If you're using the default settings for JSONAPISource, findRelatedRecords and findRecords.filter(...) produce very different URLs.

const relatedRecordId = { type: 'planet', id: 'earth' };
// This fetches from: /planets/earth/moonsstore.query(q => q.findRelatedRecords(relatedRecordId, 'moons'));
// This fetches from: /moons?filter[planet]=earthstore.query(q => q.findRecords('moon')).filter({ relation: 'planet', record: relatedRecordId });

Besides the different urls findRelatedRecords does not support sorting, filtering, or pagination. If you want that functionality, findRecords and filter on the relation.

Query options#

Options can be added to queries to provide processing instructions to particular sources and to include metadata about queries.

For example, the following query is given a label and contains instructions for the source named remote:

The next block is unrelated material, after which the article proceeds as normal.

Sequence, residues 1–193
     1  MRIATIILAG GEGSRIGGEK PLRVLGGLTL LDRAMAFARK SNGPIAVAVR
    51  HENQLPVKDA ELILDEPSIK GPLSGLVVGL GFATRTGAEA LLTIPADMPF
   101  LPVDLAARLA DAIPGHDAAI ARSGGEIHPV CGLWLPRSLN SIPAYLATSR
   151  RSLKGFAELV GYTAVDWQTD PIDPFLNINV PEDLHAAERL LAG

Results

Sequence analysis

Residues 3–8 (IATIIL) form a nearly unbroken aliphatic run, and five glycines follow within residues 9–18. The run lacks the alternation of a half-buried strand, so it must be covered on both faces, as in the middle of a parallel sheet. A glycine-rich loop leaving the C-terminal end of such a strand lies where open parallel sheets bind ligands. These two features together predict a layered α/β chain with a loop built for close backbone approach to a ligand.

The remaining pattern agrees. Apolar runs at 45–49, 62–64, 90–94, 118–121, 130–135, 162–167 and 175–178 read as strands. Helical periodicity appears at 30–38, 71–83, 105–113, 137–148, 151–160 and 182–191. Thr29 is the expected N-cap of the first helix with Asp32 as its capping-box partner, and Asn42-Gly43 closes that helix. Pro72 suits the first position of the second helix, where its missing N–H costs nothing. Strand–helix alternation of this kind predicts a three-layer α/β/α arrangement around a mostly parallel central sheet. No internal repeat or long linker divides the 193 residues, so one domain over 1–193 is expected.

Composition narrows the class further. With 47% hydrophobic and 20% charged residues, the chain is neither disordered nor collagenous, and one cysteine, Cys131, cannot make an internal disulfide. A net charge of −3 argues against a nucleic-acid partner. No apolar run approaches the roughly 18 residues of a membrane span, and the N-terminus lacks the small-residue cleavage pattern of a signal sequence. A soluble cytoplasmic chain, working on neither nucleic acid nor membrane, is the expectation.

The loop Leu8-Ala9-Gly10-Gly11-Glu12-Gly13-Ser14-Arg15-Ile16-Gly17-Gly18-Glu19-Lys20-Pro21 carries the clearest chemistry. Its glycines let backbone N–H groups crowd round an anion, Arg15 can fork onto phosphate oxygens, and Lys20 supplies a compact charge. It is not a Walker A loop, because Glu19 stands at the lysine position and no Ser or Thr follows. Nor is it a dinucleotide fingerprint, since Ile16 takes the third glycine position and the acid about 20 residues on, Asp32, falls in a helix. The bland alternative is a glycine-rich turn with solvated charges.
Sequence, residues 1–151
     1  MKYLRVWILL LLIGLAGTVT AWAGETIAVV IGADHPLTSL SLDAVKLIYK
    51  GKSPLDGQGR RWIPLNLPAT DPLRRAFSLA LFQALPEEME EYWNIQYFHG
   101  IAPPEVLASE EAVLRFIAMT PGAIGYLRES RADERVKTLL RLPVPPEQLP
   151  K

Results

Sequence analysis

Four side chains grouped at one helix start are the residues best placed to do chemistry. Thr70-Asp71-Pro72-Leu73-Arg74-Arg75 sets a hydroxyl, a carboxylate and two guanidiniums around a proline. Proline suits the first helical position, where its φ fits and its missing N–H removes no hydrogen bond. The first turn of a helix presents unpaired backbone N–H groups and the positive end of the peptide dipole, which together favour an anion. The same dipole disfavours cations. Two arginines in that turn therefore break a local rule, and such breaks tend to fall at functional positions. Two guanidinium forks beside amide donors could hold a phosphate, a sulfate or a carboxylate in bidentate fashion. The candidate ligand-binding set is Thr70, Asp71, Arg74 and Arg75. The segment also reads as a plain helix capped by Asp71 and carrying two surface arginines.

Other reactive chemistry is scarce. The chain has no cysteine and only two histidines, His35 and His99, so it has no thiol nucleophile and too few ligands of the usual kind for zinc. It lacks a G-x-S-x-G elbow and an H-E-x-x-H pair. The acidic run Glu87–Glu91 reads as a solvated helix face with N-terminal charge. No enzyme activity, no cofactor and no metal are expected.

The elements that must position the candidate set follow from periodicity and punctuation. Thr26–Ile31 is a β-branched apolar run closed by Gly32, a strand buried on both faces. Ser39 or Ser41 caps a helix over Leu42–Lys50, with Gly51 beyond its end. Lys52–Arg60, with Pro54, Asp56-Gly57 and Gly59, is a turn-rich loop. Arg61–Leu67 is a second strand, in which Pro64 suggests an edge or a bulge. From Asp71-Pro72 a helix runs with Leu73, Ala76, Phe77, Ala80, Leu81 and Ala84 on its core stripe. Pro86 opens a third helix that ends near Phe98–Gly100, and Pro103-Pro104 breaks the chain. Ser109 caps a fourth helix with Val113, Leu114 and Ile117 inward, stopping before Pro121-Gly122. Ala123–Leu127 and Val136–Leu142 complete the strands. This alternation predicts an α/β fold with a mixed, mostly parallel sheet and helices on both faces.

store.query(q => q.findRecords('contact').sort('lastName', 'firstName'), {  label: 'Find all contacts',  sources: {    remote: {      include: ['phone-numbers']    }  }});

A label can be useful for providing an understanding of actions that have been queued for processing.

The sources: { ${sourceName}: sourceSpecificOptions } pattern is used to pass options that only a particular source will understand when processing a query. In this instance, we're telling a source named remote (let's say it's a JSONAPISource) to include include=phone-numbers as a query param. This will result in a server response that includes contacts together with their related phone numbers.

Querying a store's cache#

Note that store.query is asynchronous and thus returns results wrapped in a promise. This may seem strange at first because the store's data is "in memory". In fact, if you want to just "peek" into the contents of the store's memory, you can issue the same queries synchronously against the store's Cache. For example:

// Results will be returned synchronously by querying the cachelet planets = store.cache.query(q => q.findRecords('planet').sort('name'));

By querying the cache instead of the store, you're not allowing other sources to participate in the fulfillment of the query. If you want to coordinate queries across multiple sources, it's critical to make requests directly on the store.